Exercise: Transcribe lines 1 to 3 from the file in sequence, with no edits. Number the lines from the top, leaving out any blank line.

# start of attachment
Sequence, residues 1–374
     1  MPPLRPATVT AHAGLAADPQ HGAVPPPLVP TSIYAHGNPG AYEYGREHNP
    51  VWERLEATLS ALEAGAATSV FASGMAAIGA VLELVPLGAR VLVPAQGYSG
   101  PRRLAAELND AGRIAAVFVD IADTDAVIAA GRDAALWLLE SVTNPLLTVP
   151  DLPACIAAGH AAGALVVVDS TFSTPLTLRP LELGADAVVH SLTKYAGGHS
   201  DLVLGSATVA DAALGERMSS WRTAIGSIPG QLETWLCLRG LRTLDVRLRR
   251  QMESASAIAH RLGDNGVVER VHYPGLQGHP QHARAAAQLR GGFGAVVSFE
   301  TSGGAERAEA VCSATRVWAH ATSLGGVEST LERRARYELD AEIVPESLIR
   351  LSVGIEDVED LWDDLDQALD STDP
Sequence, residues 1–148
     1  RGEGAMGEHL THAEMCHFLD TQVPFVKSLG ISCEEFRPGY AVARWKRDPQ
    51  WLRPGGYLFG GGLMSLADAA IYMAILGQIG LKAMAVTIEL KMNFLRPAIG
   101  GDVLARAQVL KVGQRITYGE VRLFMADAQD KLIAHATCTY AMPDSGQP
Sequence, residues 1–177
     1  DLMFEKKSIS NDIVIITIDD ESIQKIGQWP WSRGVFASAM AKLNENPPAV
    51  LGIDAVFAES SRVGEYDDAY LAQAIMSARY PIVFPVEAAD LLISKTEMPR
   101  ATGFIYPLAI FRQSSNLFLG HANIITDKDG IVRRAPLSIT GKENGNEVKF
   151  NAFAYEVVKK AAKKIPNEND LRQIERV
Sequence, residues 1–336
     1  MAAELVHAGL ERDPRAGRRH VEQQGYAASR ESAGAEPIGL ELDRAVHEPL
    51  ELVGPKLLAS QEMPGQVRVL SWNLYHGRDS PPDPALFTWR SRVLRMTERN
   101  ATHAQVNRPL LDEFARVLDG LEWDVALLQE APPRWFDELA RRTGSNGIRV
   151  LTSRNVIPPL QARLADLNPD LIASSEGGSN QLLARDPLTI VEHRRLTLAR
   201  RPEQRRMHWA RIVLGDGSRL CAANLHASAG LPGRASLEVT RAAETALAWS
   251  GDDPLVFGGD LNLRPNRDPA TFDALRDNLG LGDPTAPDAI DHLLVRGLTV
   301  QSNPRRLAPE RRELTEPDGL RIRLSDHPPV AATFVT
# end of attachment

Sequence, residues 1–374
     1  MPPLRPATVT AHAGLAADPQ HGAVPPPLVP TSIYAHGNPG AYEYGREHNP
    51  VWERLEATLS ALEAGAATSV FASGMAAIGA VLELVPLGAR VLVPAQGYSG